joint venture

a form of STRATEGIC ALLIANCE in which a business is owned jointly by two or more independent firms that continue to function separately in all other respects but pool their resources in a particular line of activity. Firms set up joint ventures for a variety of reasons. The combining of the resources of the two firms may facilitate the establishment of a larger-scale operation, giving the joint venture access to ECONOMIES OF SCALE and increasing its penetration of the market. A joint venture is often a particularly effective way of exploiting complementary resources and skills, with one firm, for example, contributing new technology and products and the other providing marketing expertise and distribution channels. In the international context, joint ventures with local partners are often used by MULTINATIONAL COMPANIES as a means of entering unfamiliar foreign markets.

Joint ventures are usually a less expensive way of expanding a firm's business interests than undertaking full mergers and takeovers (see EXTERNAL GROWTH). The main problem with joint ventures centres on the need to secure agreement between the two partners (especially if it is a 50–50 arrangement) as to how the business should be managed and developed.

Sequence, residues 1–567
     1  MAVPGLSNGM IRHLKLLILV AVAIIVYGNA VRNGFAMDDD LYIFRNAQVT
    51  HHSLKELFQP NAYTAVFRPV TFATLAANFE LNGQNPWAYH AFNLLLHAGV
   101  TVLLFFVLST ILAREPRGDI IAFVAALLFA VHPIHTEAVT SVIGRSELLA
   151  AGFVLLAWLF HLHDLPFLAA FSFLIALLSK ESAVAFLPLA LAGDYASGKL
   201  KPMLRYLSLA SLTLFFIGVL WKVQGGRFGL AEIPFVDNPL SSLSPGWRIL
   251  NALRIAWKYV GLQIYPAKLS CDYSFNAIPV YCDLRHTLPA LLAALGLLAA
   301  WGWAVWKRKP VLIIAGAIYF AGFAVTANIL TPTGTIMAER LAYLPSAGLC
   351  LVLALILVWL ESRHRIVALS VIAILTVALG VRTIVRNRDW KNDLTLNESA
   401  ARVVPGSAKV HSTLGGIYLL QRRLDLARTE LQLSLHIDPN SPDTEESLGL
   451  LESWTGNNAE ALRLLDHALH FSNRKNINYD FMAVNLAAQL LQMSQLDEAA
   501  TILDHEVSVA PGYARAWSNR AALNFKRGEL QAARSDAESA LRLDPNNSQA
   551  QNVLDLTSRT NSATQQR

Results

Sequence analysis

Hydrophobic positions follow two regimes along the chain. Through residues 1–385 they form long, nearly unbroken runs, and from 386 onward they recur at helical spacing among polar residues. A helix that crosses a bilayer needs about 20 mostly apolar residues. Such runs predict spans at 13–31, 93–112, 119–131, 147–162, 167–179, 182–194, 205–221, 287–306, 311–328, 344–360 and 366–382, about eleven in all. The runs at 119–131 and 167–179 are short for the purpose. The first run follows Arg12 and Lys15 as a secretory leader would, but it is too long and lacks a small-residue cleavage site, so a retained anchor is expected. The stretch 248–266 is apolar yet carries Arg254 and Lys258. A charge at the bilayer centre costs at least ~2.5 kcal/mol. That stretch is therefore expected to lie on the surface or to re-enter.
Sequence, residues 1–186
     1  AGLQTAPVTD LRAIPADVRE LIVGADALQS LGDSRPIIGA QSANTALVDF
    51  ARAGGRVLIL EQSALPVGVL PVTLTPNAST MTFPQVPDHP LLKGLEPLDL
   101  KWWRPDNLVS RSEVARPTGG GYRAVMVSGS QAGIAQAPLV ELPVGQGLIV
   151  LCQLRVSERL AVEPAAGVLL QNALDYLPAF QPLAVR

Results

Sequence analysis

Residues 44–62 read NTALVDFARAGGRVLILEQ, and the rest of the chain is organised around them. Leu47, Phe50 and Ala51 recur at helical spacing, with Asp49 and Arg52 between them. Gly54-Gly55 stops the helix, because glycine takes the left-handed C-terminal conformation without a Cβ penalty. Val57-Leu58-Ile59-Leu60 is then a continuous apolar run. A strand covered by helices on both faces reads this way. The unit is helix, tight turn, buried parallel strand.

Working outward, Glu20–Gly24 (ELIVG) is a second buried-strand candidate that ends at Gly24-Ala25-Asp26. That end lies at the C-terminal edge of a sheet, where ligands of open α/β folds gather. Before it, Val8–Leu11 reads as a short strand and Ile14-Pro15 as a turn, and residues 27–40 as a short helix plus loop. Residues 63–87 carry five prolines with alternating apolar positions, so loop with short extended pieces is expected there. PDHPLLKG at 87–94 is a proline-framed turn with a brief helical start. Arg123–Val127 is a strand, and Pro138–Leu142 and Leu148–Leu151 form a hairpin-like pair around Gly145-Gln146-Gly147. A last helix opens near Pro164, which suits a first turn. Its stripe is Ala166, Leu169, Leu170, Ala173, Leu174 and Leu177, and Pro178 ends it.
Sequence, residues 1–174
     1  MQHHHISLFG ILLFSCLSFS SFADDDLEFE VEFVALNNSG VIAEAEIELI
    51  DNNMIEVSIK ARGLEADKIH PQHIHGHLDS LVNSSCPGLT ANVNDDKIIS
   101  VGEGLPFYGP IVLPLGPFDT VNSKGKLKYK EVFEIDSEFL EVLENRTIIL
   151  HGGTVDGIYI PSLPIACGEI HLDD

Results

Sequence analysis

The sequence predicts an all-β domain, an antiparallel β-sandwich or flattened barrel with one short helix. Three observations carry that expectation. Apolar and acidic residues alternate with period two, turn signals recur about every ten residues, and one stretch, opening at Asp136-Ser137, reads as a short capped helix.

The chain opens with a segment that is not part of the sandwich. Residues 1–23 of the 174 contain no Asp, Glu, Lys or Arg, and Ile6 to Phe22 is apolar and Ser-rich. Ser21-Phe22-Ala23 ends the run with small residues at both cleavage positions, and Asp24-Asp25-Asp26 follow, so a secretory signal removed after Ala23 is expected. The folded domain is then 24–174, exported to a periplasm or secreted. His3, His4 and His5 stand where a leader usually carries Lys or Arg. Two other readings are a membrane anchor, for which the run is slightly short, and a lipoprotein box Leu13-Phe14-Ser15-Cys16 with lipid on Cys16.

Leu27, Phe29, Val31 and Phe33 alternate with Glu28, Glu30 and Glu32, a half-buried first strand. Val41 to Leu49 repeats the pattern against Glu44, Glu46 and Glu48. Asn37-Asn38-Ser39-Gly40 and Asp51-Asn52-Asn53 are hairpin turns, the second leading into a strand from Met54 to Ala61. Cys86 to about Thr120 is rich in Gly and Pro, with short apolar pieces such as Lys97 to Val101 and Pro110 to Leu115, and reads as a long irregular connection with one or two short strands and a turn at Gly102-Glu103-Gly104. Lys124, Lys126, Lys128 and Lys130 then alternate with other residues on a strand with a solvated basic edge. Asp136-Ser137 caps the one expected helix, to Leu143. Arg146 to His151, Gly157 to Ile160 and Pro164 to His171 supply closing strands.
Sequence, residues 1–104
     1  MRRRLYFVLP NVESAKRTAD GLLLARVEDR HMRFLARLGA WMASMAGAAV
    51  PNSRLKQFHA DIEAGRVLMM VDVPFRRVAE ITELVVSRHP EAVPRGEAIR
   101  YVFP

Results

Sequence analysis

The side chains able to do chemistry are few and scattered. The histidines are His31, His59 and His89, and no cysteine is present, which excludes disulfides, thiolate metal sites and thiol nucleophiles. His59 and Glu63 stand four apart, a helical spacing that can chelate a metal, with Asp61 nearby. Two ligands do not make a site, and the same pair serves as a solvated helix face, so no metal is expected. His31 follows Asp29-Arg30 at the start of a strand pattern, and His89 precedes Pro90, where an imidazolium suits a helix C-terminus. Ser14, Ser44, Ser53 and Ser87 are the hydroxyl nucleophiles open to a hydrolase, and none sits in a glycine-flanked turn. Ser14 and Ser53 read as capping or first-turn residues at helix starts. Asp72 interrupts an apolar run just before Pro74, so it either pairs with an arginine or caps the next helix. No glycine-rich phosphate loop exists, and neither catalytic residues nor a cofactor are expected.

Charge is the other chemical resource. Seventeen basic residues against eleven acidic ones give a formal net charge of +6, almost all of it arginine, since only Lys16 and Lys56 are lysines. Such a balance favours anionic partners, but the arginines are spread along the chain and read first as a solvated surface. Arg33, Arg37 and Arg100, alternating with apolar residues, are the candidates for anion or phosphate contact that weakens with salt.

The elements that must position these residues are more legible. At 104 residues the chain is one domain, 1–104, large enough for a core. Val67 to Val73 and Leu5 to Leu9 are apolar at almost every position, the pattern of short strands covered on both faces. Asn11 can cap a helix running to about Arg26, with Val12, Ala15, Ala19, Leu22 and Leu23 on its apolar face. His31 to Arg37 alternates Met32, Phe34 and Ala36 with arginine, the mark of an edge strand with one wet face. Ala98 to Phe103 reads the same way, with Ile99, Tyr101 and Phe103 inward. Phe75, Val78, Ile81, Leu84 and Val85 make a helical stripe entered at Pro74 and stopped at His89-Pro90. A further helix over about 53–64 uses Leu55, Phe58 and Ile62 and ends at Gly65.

joint venture

A legal entity somewhat similar to a partnership,except that its purpose is the pursuit of a single transaction for the mutual benefit of both joint venturers. Each joint venturer has equal rights of direction and control. For tax purposes, the joint venture is treated as a partnership and must file a partnership tax return.

Joint Venture

An enterprise participated in by associates acting together, with a community of interests, each associate having the right to participate in its management. For income tax purposes, a joint venture is treated as a partnership, not taxable in its own capacity, but regarded as a taxpayer for the purpose of computing its taxable income, which is distributable among the associates in the proportions agreed upon. Such distributive shares are reported by the associates on their individual income tax returns.
References in periodicals archive ?
Joint ventures have been regularly used as vehicles for international operations for many years, as businesses entering a new territory have sought to team up with well-connected local players.